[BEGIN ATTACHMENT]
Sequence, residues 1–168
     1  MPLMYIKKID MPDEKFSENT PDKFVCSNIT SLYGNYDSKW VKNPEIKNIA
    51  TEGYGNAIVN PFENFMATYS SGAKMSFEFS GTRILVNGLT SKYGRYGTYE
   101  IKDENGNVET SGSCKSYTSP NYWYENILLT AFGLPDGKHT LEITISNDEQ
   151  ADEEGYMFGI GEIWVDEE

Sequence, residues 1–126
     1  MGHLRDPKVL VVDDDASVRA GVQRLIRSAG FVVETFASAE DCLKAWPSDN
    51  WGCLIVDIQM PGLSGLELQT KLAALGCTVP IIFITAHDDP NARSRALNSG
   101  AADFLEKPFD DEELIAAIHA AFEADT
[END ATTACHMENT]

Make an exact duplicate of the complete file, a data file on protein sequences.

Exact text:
Sequence, residues 1–168
     1  MPLMYIKKID MPDEKFSENT PDKFVCSNIT SLYGNYDSKW VKNPEIKNIA
    51  TEGYGNAIVN PFENFMATYS SGAKMSFEFS GTRILVNGLT SKYGRYGTYE
   101  IKDENGNVET SGSCKSYTSP NYWYENILLT AFGLPDGKHT LEITISNDEQ
   151  ADEEGYMFGI GEIWVDEE

Sequence, residues 1–126
     1  MGHLRDPKVL VVDDDASVRA GVQRLIRSAG FVVETFASAE DCLKAWPSDN
    51  WGCLIVDIQM PGLSGLELQT KLAALGCTVP IIFITAHDDP NARSRALNSG
   101  AADFLEKPFD DEELIAAIHA AFEADT